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Our Furniture—Ourselves?

Our Furniture—Ourselves?

While flipping through Modern Furniture: 150 Years of Design, I couldn’t help but stop and smile at seeing the same monobloc chair sitting on my backyard deck sitting there on the pages of a proposed history of modern furniture design. When we think of modern furniture design, we too often think of wildly experimental and wildly expensive items found only in the homes of the rich and famous. However, as Andrea Mehlhose and Martin Wellner , founders of the design company Fremdkörper and editors of Modern Furniture, show, modern design is all around us in such a ubiquitous way that we barely notice. Recognizing the power of design to simplify and change our lives can help us recognize a great deal of our culture. Modern Furniture demonstrates that our furniture really tells us a lot about ourselves.

The first thing that strikes you about the design of this history of modern furniture design is that time runs in reverse. Mehlhose and Wellner explain that reversal by stressing that their book “focuses on current design, which is why we have chosen to stray away from the generally more common chronological approach and instead begin by presenting the most contemporary pieces of furniture… Historical connections and contexts, developments in materials and form languages might only become evident later on, yet clarity never suffers.” On my first run through, I played along and began with the modern pieces before going old school. The effect feels a little subversive at first, but I did feel a greater appreciation for the founding fathers and mothers of modern design after seeing just how those roots spread in so many directions later on. As critic Max Borka writes in one of the many entertaining and illuminating digressive essays, “Design history can be reduced to one single polarity… On the one hand, there was the curvy, dynamic, organic and spontaneous line that evoked the natural. On the other hand, there was the straight line, caught in a grid or chessboard pattern, and later evolving into the box.” By starting with the ending rather than the beginning, you really get a full sense of how the curvy and the straight have battled for the past century and a half.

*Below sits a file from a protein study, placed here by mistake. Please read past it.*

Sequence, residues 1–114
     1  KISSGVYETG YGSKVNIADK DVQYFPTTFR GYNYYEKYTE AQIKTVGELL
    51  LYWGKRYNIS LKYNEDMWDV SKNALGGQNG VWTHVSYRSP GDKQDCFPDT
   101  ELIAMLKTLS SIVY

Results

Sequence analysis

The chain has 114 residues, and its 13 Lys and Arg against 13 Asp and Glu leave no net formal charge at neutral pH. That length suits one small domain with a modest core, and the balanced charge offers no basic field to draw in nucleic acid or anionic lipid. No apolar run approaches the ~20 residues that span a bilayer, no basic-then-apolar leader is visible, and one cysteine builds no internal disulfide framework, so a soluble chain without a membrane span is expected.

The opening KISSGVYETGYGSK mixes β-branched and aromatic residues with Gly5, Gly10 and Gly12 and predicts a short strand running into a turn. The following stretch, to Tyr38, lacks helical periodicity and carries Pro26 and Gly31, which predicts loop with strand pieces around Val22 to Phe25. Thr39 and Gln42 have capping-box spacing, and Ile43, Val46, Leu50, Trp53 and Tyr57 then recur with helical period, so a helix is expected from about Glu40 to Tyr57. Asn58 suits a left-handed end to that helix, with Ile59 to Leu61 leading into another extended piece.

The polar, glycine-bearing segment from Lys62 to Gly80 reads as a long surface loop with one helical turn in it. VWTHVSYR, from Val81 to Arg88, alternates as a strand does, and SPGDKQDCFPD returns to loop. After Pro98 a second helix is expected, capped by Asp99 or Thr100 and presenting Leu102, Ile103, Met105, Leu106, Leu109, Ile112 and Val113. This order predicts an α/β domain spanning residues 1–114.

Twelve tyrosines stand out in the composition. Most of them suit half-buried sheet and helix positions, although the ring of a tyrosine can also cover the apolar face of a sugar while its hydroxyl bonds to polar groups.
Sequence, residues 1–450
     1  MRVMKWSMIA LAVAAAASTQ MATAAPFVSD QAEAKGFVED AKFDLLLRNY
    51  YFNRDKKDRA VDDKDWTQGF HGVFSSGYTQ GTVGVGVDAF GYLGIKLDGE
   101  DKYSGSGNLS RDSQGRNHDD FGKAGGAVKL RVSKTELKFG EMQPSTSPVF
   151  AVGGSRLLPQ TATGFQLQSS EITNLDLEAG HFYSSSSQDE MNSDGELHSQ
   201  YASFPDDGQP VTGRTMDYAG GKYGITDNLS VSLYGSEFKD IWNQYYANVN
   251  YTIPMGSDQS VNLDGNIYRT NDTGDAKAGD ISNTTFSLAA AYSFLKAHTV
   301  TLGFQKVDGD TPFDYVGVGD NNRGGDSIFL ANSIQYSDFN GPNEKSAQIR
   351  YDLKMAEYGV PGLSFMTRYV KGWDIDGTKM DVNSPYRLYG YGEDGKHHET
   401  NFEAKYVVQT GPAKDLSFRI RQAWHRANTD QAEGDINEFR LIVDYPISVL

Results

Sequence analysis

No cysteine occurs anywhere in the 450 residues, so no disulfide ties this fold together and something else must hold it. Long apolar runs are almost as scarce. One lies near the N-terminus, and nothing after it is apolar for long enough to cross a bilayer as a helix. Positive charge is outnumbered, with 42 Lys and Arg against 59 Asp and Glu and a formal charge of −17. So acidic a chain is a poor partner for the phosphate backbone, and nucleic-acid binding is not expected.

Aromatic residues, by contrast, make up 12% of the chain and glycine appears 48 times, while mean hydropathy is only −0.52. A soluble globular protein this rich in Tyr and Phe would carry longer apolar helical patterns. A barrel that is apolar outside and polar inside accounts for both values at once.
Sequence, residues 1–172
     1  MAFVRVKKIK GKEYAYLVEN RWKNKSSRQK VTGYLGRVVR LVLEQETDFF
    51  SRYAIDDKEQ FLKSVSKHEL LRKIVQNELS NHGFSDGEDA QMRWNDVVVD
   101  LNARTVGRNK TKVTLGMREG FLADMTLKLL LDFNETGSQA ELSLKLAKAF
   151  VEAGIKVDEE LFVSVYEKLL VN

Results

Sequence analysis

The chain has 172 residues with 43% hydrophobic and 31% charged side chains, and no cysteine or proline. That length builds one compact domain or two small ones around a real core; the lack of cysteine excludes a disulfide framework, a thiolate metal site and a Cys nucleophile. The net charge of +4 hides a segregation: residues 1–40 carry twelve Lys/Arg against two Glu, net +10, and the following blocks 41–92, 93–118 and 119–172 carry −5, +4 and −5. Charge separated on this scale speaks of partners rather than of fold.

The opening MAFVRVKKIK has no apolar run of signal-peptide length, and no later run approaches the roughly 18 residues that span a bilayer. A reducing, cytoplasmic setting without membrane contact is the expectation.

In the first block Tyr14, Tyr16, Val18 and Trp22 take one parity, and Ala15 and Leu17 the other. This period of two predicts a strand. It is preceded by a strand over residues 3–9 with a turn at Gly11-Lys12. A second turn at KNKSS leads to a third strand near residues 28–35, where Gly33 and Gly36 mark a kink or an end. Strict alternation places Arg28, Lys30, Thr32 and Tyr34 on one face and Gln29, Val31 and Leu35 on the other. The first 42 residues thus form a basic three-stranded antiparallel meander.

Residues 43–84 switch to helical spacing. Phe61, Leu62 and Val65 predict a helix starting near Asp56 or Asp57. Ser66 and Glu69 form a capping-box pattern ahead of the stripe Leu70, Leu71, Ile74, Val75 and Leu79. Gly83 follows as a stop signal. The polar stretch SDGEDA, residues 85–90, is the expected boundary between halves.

Modern Furniture allows the furniture to do most of the talking. A generous sampling of high quality photos give you a full picture of the state of the art over the decades. As smoothly and sleekly as that reverse chronology flows, it doesn’t flow evenly. With 80 plus pages devoted to the 1980s, but just 16 pages covering the 40 years from 1899 through 1859, Modern Furniture can feel less like “150 Years of Design” and more like “I Love the ‘80s.” However, this survey unapologetically wears its heart on its sleeve and more than justifies the inequality with fascinating explanations of the New German Design and Italian-founded Memphis movements that injected new energy into design throughout the 1980s. The Memphis style, with its “optimistic” approach and desire “to arouse emotions through the object,” especially transformed the ‘80s into a golden, transformative age for furniture.